Solar powers fraction of Beck Ag Center
No tour of Purdue University’s Agronomic Research Center is complete without seeing the shiny glass panels located west of the Beck Ag Center. What is that rectangular contraption doing there, anyway?
“It’s collecting solar energy,” says Jim Beaty, superintendent of the Agronomic Research Center. “The utility company put it in as part of a demonstration project that they’re funded to do.”
The solar panels collect solar energy, and the electricity generated actually goes on the grid that powers the Beck Ag Center, Beaty explains. Solar is one of the shining stars of the alternative energy crowd.
• Purdue Agronomy farm is the site of a solar collector demonstration.
• A small panel produces a fraction of the electrical needs for Beck Ag Center.
• Electricity production from solar panels drops drastically in fall and winter.
A small kiosk with a computer screen located near the front entrance inside the building displays live information about the collector. You can determine how much electricity is generated at any time. It also graphs collection over time, including month by month, and even displays how much greenhouse gas is saved by not generating electricity by some other means.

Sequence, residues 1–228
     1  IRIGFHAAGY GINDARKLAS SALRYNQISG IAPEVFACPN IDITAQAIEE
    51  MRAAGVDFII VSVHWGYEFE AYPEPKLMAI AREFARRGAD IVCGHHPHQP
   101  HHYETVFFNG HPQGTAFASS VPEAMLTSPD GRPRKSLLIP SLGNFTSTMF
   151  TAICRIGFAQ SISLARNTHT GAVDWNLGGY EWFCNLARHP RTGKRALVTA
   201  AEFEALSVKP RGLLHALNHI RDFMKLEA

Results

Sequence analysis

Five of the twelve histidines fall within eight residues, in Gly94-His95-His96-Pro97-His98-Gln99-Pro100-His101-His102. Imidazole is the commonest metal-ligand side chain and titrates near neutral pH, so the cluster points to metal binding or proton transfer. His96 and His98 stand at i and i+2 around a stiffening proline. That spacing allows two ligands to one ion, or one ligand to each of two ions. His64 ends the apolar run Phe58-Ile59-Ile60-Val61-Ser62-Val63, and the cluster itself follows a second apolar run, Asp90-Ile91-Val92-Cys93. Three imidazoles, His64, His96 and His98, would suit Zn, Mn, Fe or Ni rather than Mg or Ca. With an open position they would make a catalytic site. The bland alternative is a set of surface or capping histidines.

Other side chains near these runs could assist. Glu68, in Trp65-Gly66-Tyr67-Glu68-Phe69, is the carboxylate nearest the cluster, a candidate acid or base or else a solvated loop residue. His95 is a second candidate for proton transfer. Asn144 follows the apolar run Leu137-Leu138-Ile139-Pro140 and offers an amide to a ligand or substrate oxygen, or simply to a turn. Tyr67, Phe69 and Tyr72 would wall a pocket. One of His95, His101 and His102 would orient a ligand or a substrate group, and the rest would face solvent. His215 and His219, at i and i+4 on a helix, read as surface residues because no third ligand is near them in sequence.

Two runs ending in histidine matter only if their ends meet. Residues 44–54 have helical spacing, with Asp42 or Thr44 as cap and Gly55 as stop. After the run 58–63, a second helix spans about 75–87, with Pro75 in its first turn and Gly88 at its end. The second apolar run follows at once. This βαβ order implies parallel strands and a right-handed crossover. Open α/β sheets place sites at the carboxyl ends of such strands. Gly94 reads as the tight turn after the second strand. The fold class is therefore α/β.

Matter of scale
The rest of the story, however, Beaty says, is understanding exactly how much of the electricity needed in the building is actually produced by the collector. Cutting through the jargon, the short answer is that even on a sunny day, it’s only a small fraction of what’s needed to power the building.
That’s somewhat related to the size of the collector. However, based on watching results over time, Beaty estimates it could take a collector as large as the entire roof of the building to fully power all the building’s electrical need.
The real problem comes in the fall and winter, he says. When Beaty pulls up the amount of energy collected and electricity produced at the site, there are large dips in the bar chart from late fall through winter.
“It’s a neat demonstration of what’s possible, but it’s certainly not a solution to our total energy needs right now,” Beaty concludes.
This article published in the September, 2010 edition of INDIANA PRAIRIE FARMER.